Napoleonic prints and painting by Keith Rocco.
The historical Napoleonic art
prints of Keith Rocco include The Great Gate of Hougoumont, The Pursuit,
The Melee and The Rear Guard. Keith Rocco must
certainly rate as one of the US major Historical and military artist of
today. His meticulous research and eye for detail has built him a
reputation amongst print and original collectors and many of
his paintings hang in collections across the US, including The
Andrew Mellon Foundation, The Pentagon, Gettysburg National Park,
National Guard Heritage Collection and many others. These
Napoleonic prints are available here from Cranston
Fine Arts The Military Print company
Victory in the Balance, Waterloo, June 18th 1815 by Keith Rocco.
One secondary market prints available, numbred 200 / 850.
Item Code : AX0023
Victory in the Balance, Waterloo, June 18th 1815 by Keith Rocco. - Editions Available
11th Hussars in Germany, 1796. In 1796, the revolutionary government of France lauched a series of military campaigns they hoped would defeat the nations allied against their new republic. While 27-year old General Napoleon Bonaparte was conducting his hard-fought but ultimately glorious campaign in Northern Italy, his military and political rival General Jean Victor Moreau and the ill-clad and worn out French Army of the Rhine and the Moselle desperately tried to stave off defeat at the hands of Austrias able field commander Archduke Charles. On 22 October 1796, Moreau ordered his tired but determined soldiers to stand on good defensive terrain near the Chateau of Schliengen (accurately depicted in the right background) buying time for his supply and ammunition wagons to cross to safety over the Rhine River at Huninge. In such dangerous situations, it was the duty of the Hussars and other light cavalry to cover the movements of the army. The 11th Hussars was raised during the Ancien.........
The Chasseurs of the Guard at Austerlitz, 1805. Short of reserves during a Russian counterattack to regain the strategic Pratzen Heights outside Austerlitz, Napoleon ordered forward a portion of the Guard Cavalry. After initial success the cavalry faltered before the overwhelming numbers of the Russian Guard but had bought enough time for the infantry reserves to reach the gap. With the hole in the French line secured, the remaining squadrons of the Chasseurs along with squadrons of Mamelukes and Grenadiers charged to their embattled compatriots aid. They were led by General Rapp who wrote of the encounter: The enemy cavalry was slashing at our troopers -- then let go and turned on me. Four cannon were brought up at the gallop, unlimbered and set up in battery -- We charged the artillery and captured it. The enemy cavalry stood firm awaiting our attack, then broke under the shock and fled in disorder.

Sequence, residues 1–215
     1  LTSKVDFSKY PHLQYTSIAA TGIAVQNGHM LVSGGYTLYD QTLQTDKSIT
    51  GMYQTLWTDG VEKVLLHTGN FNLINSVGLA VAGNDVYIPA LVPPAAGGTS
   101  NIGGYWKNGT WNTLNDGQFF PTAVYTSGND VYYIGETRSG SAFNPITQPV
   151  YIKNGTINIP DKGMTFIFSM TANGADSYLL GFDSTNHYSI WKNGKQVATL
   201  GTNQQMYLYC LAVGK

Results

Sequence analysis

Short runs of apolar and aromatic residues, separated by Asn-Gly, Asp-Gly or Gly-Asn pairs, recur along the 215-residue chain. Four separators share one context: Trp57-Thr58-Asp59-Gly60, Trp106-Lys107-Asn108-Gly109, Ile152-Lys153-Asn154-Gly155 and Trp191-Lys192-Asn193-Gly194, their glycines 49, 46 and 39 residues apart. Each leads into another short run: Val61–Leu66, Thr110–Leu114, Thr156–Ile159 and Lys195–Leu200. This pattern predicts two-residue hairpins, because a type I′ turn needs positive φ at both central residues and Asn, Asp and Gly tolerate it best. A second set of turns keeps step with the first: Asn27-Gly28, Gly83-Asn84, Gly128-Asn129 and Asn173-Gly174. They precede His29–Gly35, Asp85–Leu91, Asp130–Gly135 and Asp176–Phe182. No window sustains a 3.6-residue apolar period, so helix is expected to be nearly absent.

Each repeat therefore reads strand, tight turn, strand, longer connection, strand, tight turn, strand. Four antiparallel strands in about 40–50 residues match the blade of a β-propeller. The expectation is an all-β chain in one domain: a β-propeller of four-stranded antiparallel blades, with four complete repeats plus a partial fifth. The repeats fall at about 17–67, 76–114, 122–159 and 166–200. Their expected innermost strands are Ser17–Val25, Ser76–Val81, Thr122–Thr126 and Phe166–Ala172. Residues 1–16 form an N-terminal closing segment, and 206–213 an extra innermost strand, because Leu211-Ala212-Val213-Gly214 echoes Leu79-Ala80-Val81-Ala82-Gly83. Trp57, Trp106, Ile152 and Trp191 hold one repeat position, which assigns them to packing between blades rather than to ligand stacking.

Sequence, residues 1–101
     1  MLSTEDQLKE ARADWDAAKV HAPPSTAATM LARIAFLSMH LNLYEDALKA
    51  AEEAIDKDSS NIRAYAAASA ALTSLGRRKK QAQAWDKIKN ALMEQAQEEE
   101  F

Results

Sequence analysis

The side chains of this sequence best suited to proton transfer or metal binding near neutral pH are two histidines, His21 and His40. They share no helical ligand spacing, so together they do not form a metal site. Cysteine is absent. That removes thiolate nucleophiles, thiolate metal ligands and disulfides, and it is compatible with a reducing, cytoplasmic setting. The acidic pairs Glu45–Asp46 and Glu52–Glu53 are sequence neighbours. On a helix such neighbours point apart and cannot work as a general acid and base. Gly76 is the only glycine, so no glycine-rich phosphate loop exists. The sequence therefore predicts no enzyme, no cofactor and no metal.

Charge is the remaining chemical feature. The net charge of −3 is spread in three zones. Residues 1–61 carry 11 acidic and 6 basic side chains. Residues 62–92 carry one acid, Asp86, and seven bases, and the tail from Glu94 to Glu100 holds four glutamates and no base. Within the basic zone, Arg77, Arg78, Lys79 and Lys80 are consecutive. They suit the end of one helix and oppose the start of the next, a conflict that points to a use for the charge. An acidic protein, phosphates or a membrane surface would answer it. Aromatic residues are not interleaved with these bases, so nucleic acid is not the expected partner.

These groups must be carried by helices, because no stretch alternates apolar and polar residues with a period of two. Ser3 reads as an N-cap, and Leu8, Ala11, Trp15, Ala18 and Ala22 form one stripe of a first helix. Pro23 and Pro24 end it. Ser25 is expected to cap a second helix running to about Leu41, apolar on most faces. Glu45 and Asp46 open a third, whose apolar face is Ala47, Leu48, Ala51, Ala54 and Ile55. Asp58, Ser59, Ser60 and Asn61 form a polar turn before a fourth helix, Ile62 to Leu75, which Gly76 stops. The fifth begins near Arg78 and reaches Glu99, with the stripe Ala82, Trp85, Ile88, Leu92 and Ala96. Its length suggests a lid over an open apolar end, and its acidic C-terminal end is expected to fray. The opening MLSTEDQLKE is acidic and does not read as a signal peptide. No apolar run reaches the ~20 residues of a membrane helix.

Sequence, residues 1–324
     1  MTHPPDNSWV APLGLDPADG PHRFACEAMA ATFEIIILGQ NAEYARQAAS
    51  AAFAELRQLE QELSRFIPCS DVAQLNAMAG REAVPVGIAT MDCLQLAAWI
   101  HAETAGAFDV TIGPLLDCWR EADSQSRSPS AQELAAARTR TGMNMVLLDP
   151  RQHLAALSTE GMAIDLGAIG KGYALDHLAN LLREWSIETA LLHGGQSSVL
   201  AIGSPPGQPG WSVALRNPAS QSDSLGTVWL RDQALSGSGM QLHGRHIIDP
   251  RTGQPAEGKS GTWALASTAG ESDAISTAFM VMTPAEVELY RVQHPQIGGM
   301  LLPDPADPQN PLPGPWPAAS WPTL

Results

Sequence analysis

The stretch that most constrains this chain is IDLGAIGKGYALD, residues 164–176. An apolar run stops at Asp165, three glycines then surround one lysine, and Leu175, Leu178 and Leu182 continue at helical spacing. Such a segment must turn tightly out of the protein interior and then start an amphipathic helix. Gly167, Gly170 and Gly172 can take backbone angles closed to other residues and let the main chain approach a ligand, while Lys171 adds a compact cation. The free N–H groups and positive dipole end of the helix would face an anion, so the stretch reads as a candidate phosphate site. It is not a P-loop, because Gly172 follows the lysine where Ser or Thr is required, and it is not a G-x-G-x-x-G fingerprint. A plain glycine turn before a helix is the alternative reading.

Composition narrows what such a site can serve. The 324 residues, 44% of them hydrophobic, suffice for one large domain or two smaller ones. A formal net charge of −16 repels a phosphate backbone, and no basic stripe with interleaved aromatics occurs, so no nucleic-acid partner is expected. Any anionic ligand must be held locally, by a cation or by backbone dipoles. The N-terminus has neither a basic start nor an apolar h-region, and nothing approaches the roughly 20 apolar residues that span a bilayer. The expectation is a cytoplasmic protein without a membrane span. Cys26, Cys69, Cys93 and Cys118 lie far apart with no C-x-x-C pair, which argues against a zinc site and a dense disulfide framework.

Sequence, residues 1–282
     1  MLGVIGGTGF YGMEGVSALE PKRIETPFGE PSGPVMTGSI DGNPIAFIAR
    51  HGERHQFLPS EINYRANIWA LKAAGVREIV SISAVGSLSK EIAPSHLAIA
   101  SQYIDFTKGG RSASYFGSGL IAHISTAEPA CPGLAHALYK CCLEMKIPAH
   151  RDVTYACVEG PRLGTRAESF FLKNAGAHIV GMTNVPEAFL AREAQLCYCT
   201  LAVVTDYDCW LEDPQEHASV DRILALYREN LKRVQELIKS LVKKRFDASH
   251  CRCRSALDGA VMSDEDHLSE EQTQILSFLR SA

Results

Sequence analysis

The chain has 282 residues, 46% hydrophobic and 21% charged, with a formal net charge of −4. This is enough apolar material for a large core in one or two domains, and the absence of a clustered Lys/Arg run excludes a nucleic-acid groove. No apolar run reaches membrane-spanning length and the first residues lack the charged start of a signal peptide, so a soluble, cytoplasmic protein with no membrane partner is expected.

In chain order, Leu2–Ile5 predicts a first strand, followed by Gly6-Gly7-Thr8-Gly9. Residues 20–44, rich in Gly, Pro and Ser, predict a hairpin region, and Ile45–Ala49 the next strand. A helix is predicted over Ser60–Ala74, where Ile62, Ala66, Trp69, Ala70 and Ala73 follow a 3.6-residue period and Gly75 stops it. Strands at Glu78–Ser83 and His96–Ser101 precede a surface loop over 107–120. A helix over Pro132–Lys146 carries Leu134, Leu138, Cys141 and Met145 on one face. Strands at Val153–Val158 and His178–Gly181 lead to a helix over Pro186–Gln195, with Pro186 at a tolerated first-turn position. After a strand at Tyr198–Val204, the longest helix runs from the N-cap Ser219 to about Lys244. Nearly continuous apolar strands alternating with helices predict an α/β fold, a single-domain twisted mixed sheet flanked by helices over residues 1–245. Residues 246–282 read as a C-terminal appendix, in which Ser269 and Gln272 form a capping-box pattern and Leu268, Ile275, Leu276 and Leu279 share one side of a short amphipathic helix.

Item Code : KR0017
A Chasseurs Fate by Keith Rocco. (GS) - Editions Available
The first days contest at Fuentes de Onoro between Wellingtons 40,000 man Anglo-Portuguese force and Marshal Massenas 50,000 strong French Army of Portugal ended in the darkness of May 3, 1811. Frontal assaults against the Allied lines had made little headway, and as a result, the French commander determined to regroup and pursue another course of action in order to defeat his enemy, and thus lift the British siege of the French held fortress of Almeida. In the morning of May 5th, Massena sent the bulk of his cavalry -- 2,000 Chasseurs, Hussars and Dragoons -- under Count Louis Pierre Montbrun on a swing around the enemy armys right flank. Supporting French infantry and artillery were soon following the horsemen. In the dawns early light Montbrun was able to out-flank and push back elements of the British 7th Infantry Division and some supporting English horse. For the next two hours the British infantry and cavalry retreated, stood, delayed the French, and retreated again. They were.........
The French 1st Carabiniers and the Russian Iziumsk Hussars at the Battle of Borodino, 7 September 1812. Following the capture of the Raevsky Redoubt sometime after 2:00P.M. on 7 September 1812, Napoleons forces were on the verge of a victory on the road to Moscow. As the clouds of black powder smoke darkened the mid-afternoon sky, Prince Eugene de Beauharnais gathered all the available cavalry of the Grande Armee, and hurled them at the already badly mauled Russian forces standing behind the smashed earthen fortification. Passing by the Raevsky Redoubt and flooding the plateau beyond, French cavalry consisting of elements of Montbruns 2nd Reserve Cavalry Corps and Grouchys 3rd Reserve Cavalry Corps became embroiled with Russian regiments of horse in a fight that General Barclay de Tolly described as one of the most stubborn cavalry battles of history. During the ebb-and-flow of this two-hour contest for the control of the Russian center, the French 1st Carabinier Regiment was pitted .........
Anchoring the Anglo-Allied right center, the formidable chateau of Hougoumont has become synonymous with the Battle of Waterloo. It was here that the French army - driven by its institutional memory grounded in victories which saw Napoleonic soldiers defeat other armies while carrying such celebrated defensive positions as the Abbey of Elchingen and the Castle of Ebelsberg -- met a foe of a more determined mettle. Time and again, French attacks swept forward in vain attempts to capture Hougoumont which, if successful, would have opened the covered way into the heart of Wellingtons position. The closest the French came to capturing the chateau was their second assault, spearheaded by Colonel Cubieres 1st Legere. Although Cubieres was wounded and thrown off his horse just outside the chateaus great gate, the assault was sustained by sous-lieutenant Legros. Wielding a pioneers ax, and though facing a hail of bullets, Legros, nicknamed lEnforceur, broke open the barrier and forced his way.........